7. Timing: timing is crucial, and this holds for everyone. If we are actively doing something, either wait until we are finished, or get our attention and ask us to stop if it’s important and we are able to do so. Also give us time to process what has been said, stop periodically to check to see if we have comprehended what you have said.

8. Attention: ensure you have our attention, by making sure we are looking at you and aware that we are being spoken to, tap the person on the shoulder, stand in front, eliminate distractions, and even ask if we are ready, if we have been interrupted from something. Please don’t wave your hand in front of our face, it is rude. Eye contact is essential between both of you.

9. Sign language: learn and use sign language if your family member, partner, or friend requires it. We understand if you make mistakes, we will help you learn, and we also understand if you aren’t proficient. The effort, and caring behind it is appreciated. If in a customer service or emergency service field, it is crucial to know at least a rudimentary amount if signs so that you can at least convey something to the individual.

10. Assumptions: do not assume we are following every word, or understood every word simply because we are looking at you, actively participating, saying yes, or responding appropriately. Sometimes we are just guessing or faking it. Don’t assume that because we don’t respond, that we are ignoring you, snubbing you, snobbish, or don’t want to talk to you (although sometimes that is true!). Just because we get part of the conversation does not mean we get it all. Sometimes one word missed derails the rest of the conversation, or we become distracted and miss key elements of the conversation. Ask if we understood, clarify what we think we heard. Most of us do this by habit, but often, we also don’t like to admit when we didn’t understand something.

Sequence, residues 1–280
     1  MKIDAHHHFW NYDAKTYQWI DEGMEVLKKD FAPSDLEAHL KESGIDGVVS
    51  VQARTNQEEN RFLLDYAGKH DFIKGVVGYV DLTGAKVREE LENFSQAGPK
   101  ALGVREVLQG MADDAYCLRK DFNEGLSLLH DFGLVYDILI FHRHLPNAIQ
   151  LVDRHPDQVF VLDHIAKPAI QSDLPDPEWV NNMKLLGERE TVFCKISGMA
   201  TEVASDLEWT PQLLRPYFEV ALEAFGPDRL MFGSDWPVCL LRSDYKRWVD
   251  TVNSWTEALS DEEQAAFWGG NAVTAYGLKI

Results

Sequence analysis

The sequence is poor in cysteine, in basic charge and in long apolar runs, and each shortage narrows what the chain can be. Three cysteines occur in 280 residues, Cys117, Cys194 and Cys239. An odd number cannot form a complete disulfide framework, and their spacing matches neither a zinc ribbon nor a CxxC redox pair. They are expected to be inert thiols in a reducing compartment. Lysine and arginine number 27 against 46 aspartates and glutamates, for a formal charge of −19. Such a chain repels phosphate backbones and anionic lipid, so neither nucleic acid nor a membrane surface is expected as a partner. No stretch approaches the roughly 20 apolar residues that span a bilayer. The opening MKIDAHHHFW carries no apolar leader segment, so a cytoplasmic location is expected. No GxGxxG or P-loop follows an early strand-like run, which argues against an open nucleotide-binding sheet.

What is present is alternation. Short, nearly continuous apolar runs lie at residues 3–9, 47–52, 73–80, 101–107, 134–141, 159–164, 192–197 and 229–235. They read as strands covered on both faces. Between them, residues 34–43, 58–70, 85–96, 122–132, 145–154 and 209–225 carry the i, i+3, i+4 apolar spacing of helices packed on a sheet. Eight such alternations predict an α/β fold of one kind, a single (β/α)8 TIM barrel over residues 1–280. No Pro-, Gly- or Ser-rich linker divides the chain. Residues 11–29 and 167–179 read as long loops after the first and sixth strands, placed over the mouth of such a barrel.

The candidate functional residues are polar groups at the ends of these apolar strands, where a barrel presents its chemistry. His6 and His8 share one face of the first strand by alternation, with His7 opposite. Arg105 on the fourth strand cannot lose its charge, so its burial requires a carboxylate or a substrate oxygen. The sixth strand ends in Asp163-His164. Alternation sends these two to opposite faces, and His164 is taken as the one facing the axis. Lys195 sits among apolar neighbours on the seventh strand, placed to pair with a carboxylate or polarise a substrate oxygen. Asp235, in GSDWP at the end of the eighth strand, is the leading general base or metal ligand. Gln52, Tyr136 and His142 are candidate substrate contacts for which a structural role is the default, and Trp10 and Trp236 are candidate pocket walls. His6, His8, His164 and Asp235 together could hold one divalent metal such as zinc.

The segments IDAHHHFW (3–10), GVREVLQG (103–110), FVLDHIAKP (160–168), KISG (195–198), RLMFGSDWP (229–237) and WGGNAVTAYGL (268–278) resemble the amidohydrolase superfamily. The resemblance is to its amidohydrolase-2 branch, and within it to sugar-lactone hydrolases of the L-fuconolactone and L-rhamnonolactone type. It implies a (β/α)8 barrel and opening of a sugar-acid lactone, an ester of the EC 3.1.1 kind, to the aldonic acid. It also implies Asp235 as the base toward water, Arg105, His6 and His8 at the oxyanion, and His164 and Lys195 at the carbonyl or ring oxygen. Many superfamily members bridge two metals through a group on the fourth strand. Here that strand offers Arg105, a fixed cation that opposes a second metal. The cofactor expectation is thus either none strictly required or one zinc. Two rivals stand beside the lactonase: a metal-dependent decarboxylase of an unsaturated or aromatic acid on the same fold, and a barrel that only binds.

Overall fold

11. Understand: that like anyone else, if we are ill, tired, distracted by our children or environment, that we are affected by things we cannot always control or eliminate, just like you. If these things affect your own abilities to communicate effectively, then understand it is doubly difficult for us to overcome these as well. No one is always at their best, and that always impacts successful communication. Also understand that sometimes, no matter how hard we try to focus, or participate, the BRAIN will simply shut down and say it has had enough. We will tell you if we are having a bad communication day, and why.

12. Instead of phoning, use text, email, instant messaging, Facebook, etc to contact the Deaf or HOH individual.

Here is an absolute DON’T: if we completely miss part of a conversation, or join in late; PLEASE DO NOT SAY THE FOLLOWING:

Never mind, it wasn’t/isn’t important, it’s not about you, we’re done talking about it, or other similar and RUDE, DISRESPECTFUL statements. All that does is make us feel left out, unimportant; too much trouble to be worth repeated, or included; and it hurts our feelings!

Most of us are active in communicating what our needs are, or what we have missed. It is equally important to listen to what we say, and try to employ those strategies for us.

Some of us can hear with our hearing aids, or cochlear implant processors, but it doesn’t mean that we hear like a normal person. We don’t, and never will. If we aren’t wearing our hearing aids, or sound processor, then take additional time and effort to aid us in communicating what you say.

Wait for us to put them on, or if we can’t due to an infection, migraine, cold, or they’ve been sent off for repair (not everyone has a backup), or the battery is dead, or it’s malfunctioning suddenly, be extra patient and considerate, because at those times, we are even more at a disadvantage.

Effective communication takes all participants actively working to communicate effectively.

Kimberly Brown comes from Portland, in Ontario, Canada. She was previously a teacher, retail salesperson, and office administrator. She’s currently unemployed and blogging. She’s also a mother to three kids and blogs at: Check out her Facebook page of the same name here: